Veterinary medicine is a compassionate industry with patient safety and well-being as its primary objective. Pet Care Clinic wants to thank Veterinary Specialty Center out of Buffalo Grove, IL for allowing us to share the following information they distributed about canine influenza.
What you should know about CIV or the dog flu
- Just like the human flu virus, the dog flu is an airborne virus that is spread by coughing and sneezing via aerosolized respiratory secretions. The virus may spread through contaminated objects (kennel surfaces, food and water bowls, collars, leashes, etc.) and people moving between infected and uninfected dogs. It is not spread via urine or feces.
- The virus can remain alive and able to infect on surfaces for up to 48 hours, on clothing for 24 hours, and on hands for 12 hours. It is easily killed by commonly used disinfectants–bleach, ammonia, even ordinary hand soap.
- Dogs are infected with the virus for 2-4 days before the start of symptoms. They are actually the most contagious during this time, before they are exhibiting signs of illness. Contagiousness decreases dramatically during the first 4 days of illness but may continue up to 7 days in most dogs and, rarely, up to 10 days in a few dogs.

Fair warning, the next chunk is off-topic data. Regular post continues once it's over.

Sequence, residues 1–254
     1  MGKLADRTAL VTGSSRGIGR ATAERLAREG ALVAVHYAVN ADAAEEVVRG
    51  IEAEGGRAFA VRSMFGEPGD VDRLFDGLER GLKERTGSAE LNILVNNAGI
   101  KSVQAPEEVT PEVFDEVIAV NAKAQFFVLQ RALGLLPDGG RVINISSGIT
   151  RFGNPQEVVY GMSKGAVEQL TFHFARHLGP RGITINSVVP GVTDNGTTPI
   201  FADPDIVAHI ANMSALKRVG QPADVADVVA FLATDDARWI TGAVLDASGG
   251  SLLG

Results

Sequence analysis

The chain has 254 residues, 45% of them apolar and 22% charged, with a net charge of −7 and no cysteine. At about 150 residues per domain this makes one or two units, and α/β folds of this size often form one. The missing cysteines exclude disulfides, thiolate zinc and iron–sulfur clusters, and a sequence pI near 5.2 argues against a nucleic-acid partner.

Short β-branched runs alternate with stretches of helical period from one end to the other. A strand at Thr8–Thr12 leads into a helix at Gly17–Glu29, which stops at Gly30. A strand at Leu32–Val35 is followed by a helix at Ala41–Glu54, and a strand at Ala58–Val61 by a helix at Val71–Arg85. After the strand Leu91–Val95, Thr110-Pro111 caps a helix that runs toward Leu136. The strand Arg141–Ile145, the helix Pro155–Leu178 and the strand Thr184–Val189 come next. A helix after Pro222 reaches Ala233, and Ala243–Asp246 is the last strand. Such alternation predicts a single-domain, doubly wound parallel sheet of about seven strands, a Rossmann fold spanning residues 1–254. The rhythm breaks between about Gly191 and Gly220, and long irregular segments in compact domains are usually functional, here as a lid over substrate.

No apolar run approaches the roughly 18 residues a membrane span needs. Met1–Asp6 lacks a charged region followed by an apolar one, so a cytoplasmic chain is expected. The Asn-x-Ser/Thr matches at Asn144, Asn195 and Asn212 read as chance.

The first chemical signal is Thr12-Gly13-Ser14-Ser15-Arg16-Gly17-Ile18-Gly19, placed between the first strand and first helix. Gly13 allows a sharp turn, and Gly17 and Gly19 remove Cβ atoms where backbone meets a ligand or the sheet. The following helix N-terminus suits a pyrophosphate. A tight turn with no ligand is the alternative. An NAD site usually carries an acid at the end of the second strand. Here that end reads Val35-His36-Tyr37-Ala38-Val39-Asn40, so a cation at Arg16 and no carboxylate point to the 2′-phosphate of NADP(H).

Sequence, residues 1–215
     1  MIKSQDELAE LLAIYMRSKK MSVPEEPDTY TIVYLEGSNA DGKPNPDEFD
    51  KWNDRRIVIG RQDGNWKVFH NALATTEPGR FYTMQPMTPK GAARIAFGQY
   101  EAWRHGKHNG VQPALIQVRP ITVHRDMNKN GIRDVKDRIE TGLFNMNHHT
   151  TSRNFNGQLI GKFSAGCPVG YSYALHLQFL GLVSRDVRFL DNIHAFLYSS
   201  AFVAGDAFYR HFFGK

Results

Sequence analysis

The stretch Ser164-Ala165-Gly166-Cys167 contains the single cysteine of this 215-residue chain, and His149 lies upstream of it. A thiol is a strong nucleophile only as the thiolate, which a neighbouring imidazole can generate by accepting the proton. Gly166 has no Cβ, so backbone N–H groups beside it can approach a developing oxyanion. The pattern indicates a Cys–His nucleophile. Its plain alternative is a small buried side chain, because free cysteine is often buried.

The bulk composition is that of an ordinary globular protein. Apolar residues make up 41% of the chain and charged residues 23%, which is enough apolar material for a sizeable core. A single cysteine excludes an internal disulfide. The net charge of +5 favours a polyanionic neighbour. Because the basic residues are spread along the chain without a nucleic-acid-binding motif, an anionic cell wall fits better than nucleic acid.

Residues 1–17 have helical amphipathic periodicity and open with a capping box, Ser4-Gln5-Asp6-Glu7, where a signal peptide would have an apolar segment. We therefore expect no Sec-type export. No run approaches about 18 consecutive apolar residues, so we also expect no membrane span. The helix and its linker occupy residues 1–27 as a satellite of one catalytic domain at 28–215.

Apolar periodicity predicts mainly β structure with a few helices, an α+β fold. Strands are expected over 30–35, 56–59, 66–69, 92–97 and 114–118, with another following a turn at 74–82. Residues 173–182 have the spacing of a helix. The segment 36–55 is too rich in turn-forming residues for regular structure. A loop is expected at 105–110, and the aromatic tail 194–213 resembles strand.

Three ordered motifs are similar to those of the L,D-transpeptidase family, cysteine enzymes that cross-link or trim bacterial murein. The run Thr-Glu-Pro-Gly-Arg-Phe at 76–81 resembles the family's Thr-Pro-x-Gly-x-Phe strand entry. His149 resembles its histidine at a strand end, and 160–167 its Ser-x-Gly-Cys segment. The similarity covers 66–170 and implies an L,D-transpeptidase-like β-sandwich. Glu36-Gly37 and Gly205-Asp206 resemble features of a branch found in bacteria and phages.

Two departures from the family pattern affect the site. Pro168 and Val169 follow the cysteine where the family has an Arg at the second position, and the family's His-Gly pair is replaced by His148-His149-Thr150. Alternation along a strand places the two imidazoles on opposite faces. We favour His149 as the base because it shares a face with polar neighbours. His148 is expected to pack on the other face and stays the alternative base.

- It is highly contagious from dog to dog but rarely fatal.
- Fever (usually low grade), cough, nasal discharge, sneezing, ocular discharge, lethargy and anorexia.
- More severely affected dogs can exhibit a high fever with an increased respiratory rate and other signs of pneumonia or bronchopneumonia (usually from secondary bacterial or mycoplasmal infections).
- To protect your dog from the dog flu, keep your dog away from high-risk areas that include dog parks, kennels, doggy day care, grooming, training facilities and pet stores. Avoid popular walking areas for dogs as well.
We again thank VSC. You may learn more about Veterinary Specialty Center by clicking on the following web link: